All photos were taken inside the Met Museum's Near Eastern Collection.
How were our ancestors viewing the world? Were they inept at sculpture and couldn't depict what they saw? Are they telling us their stories through this art from 6000 years ago? Who were the gods and where did this idea of divine Kingship "descend" from? Were our forebearers aliens that seeded this world. Why do so many skeptically disregard the possibility instead of lookinf to this and other blatant evidence to show the reasons for this.
A clip taken from the Discovery Channel documentary 'The First Time Machine'. A little physics lessenon the possibilities of time travel. Twisting space and time through moving light lasers that will already be at light speed that can move through space and time.
Horizon's Time Trip is a thrilling journey deep into the strangeness of cutting-edge physics - a place where beautiful, baffling ideas are sometimes indistinguishable from the utterly crazy.
On this journey, we meet a time-travelling pizza, a brilliant mathematician in a ski mask and even God. The journey ends with a strange and dark conclusion - one which calls into question our very existence.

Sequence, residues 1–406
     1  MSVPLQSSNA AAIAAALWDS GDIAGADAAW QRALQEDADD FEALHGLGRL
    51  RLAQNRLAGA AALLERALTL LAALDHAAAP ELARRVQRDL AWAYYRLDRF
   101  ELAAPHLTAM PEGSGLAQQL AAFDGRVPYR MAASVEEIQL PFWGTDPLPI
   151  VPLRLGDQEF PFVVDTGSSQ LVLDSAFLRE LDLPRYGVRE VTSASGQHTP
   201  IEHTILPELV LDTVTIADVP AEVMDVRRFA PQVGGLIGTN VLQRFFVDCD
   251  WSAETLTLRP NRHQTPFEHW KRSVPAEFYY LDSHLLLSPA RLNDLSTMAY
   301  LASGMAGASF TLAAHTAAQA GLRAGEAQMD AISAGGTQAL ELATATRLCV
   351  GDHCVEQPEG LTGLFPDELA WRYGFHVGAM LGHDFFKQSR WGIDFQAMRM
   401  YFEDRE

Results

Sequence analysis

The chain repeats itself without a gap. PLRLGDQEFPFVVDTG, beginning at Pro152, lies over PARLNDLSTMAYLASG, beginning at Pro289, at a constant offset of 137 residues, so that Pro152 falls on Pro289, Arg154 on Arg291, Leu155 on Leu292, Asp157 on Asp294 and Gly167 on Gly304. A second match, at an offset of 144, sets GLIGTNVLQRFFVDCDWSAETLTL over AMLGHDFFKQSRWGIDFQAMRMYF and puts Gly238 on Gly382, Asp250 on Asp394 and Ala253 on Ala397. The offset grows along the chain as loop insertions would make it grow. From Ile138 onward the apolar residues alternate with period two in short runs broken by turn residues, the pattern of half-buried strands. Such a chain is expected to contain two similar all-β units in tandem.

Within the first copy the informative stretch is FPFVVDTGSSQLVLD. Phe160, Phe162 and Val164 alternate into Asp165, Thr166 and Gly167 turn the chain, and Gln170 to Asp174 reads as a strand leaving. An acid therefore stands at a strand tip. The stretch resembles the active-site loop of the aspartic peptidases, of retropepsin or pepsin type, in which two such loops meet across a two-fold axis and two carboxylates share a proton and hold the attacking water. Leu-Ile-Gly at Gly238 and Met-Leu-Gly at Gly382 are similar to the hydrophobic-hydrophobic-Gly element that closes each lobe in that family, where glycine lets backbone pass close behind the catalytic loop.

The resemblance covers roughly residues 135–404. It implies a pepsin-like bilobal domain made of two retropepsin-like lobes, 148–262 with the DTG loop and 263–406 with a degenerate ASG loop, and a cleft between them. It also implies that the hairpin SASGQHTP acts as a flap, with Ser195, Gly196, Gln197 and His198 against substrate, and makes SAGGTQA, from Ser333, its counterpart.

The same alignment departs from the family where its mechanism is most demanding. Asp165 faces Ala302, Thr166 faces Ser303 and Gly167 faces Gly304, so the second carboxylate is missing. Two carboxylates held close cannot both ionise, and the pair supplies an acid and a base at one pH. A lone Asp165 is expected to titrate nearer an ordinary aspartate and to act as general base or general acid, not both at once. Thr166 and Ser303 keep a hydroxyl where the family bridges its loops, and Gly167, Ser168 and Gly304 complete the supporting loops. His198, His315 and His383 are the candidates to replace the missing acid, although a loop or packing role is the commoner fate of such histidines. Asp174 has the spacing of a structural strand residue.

Ever since Einstein showed it was theoretically possible, the quest to travel through time has drawn eccentric amateurs and brilliant scientists in almost equal numbers. The amateurs include Aage Nost, who demonstrates his time machine in front of the cameras. The professionals include the likes of Professor Frank Tipler of Tulane University. His time machine sounds good - but it would weigh half the mass of the galaxy.
There is, however, one way that time travel to the past could be possible. And it would be much more convenient. Future civilisations could use computers to create exact replicas of the past. Unfortunately that idea has physics trembling in its socks. Because if you can generate a perfect virtual reality version of the past, who's to say we are not one of the replicas?
Watch the documentary video: BBC Horizon: Time Trip